What does scale mean to you?
When building a startup, there are terms that get thrown around. “Scale,” “Fundraise,” “Partner,” “Term Sheets,” and I always think the words that EVERYONE uses are the most interesting words, because I generally find people using them in different ways to mean different things.
A friend of mine, who runs a startup that generates tens of millions in revenue, gave me the best definition of “Scale”:
“When I started XYZ Company, I thought SCALE, just meant MORE! More customers, more money, more products.
What I realize now, is that scale means you have to re-invent your company every 18-24 months to where the market is.”
I’m not saying that “Scale” doesn’t mean “More.” And neither is my friend.
But what Scale truly means is “How does our organization need to change and evolve to deliver the best product to the current market of customers.”
How do we hire the best faster than anyone else? How do we win customers and make sure those customers are happy?
Boost VC focuses on supporting three pieces of scale transitions: From Zero to product, product to customers, to driving hard consistent growth.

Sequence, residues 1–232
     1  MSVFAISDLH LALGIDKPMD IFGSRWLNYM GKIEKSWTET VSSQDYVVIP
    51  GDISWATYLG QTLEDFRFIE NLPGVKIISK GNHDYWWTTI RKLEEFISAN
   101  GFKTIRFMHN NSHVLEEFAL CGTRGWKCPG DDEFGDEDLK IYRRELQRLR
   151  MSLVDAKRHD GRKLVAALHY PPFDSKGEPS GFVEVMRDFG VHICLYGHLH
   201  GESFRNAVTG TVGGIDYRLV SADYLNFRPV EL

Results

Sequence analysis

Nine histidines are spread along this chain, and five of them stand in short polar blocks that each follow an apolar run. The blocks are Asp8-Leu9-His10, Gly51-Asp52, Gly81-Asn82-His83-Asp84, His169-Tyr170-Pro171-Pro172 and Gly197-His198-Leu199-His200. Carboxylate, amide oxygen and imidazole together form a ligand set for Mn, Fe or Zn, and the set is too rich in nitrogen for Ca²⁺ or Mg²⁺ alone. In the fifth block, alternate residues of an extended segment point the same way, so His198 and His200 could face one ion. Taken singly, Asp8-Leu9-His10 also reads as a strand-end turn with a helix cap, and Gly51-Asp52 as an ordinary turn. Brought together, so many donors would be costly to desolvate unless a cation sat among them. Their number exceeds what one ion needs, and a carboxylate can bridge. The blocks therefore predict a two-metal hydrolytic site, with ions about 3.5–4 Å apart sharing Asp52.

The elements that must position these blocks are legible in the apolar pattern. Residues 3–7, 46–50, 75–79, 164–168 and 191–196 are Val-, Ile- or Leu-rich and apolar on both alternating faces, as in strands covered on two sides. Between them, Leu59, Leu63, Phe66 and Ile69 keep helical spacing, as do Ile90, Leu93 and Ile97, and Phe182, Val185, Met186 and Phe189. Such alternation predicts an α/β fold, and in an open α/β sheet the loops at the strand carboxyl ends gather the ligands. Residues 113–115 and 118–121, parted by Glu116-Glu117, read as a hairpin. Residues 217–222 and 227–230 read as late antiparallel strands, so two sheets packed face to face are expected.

Even in each of these three states, the organization needs to shift it’s focus from R&D to sales, to scaleable sales, to sales success all the while developing the product. These transitions all require careful decision making and movement for the team. The team has to evolve with the product. The CEO has to evolve with the team.
Scale is about ‘more’, but it’s also the difference between the experience of selling one hot dog in one hot dog cart, and controlling the experience for the entire fleet of hot dog carts across a city. The governance and teams required to deliver the highest level service have to adapt.
The questions you ask at the stage of selling one hot dog from one hot dog cart are different than the questions you ask when you are monitoring 100, 1000.
I’m not sure why I used the hot dog cart as the way of explaining this, but it fits right now.
“If Bill had started a hot dog stand, he would have become the hot dog king of the world,” - Warren Buffett, talking about Bill Gates.
By Adam Draper
I ponder as a VC.
It's a quick one minute read to make you think, smile, or laugh.
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